Trash Dumped in Worcester 'Makes the City Look Bad' - NECN
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Trash Dumped in Worcester 'Makes the City Look Bad'

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    NEWSLETTERS

    Worcester Tackles Trash Problem

    Officials in Worcester, Massachusetts, are battling the illegal dumping of trash.

    (Published Thursday, July 5, 2018)

    From trash bags and tires to furniture and broken bikes — people are illegally dumping trash in the city of Worcester, Massachusetts. And the city's Quality of Life Task Force wants you to know they're watching.

    "You will get caught," said Dan Cahill, Worcester's senior sanitary inspector. "We're coming after you."

    They've put upwards of 20 new surveillance cameras in known "hot spots" tied into the police department's camera system – and they've seen everything, from trash bags thrown out of a moving car, to mattresses tossed off of a pickup truck.

    "We've got instant access to that camera right away, so we can be dispatched to incidents immediately rather than take the film and have somebody review it, so it can help us actually catch the person doing the dumping," Worcester Police officer Michael Giardi, who's also on the task force, said.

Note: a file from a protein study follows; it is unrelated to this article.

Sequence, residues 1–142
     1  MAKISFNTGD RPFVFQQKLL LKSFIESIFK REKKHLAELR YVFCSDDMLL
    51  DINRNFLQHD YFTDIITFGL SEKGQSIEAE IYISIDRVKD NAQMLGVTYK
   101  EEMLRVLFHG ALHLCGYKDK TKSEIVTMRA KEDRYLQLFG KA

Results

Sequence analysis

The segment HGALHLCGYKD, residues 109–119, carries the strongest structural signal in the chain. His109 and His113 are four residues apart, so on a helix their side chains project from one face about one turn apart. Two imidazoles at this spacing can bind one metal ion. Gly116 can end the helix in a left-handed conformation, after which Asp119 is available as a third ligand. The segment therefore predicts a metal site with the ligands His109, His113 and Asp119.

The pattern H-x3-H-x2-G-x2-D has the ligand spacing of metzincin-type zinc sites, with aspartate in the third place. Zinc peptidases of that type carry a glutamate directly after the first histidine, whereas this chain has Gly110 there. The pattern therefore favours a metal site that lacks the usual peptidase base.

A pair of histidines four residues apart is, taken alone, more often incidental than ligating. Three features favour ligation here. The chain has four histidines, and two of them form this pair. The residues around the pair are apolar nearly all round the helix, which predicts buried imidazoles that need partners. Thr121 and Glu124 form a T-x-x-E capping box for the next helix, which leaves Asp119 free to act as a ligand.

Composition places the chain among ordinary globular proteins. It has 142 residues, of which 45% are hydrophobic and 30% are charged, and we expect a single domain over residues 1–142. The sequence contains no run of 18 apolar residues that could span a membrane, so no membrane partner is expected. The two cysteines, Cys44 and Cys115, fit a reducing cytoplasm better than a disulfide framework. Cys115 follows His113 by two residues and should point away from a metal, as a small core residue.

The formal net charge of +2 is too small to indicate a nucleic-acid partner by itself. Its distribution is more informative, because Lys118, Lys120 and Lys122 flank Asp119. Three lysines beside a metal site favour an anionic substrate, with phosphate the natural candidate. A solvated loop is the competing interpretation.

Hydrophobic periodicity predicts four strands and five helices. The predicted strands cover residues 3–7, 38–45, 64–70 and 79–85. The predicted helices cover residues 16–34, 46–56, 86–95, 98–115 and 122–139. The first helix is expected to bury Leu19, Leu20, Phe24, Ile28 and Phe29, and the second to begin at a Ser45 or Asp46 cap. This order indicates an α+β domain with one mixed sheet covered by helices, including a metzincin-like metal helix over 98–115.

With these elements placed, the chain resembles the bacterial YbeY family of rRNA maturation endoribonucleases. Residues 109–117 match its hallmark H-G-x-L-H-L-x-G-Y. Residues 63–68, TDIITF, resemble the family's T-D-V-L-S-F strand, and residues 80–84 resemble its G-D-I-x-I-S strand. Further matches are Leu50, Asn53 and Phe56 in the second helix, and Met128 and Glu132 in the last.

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    And if they can't catch them in the act, they have found several ways to track down the suspects.

    "We'll go through bags if we have to," Cahill said. "If it's a bulk item, like a couch, a mattress or something like that, we'll review the tape, run the license plate and go from there."

    "They get a letter, seven days to clean it up, and then if they don't, we'll come, we'll pick it up, we'll move it and fine them," said Joe Simone, the city's nuisance inspector.

    The task force said it has found it's a mix of residents and people from outside the city who they've caught dumping trash illegally.

    "It makes the city look bad when they've got trash dumped everywhere," said Megan Moore of Worcester.

    "It just looks bad in Worcester, they just make Worcester look bad," agreed Taianisha Martinez of Worcester.

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    Some are hopeful this new push will help clean up the city.

    "If it's widespread and they think it's going to help, I think it could be beneficial," said Peter Gunn, who works in Worcester.

    Cahill says fines generally range from $200-$2,000 — but it's all in an effort to prevent the dumping from happening in the future.

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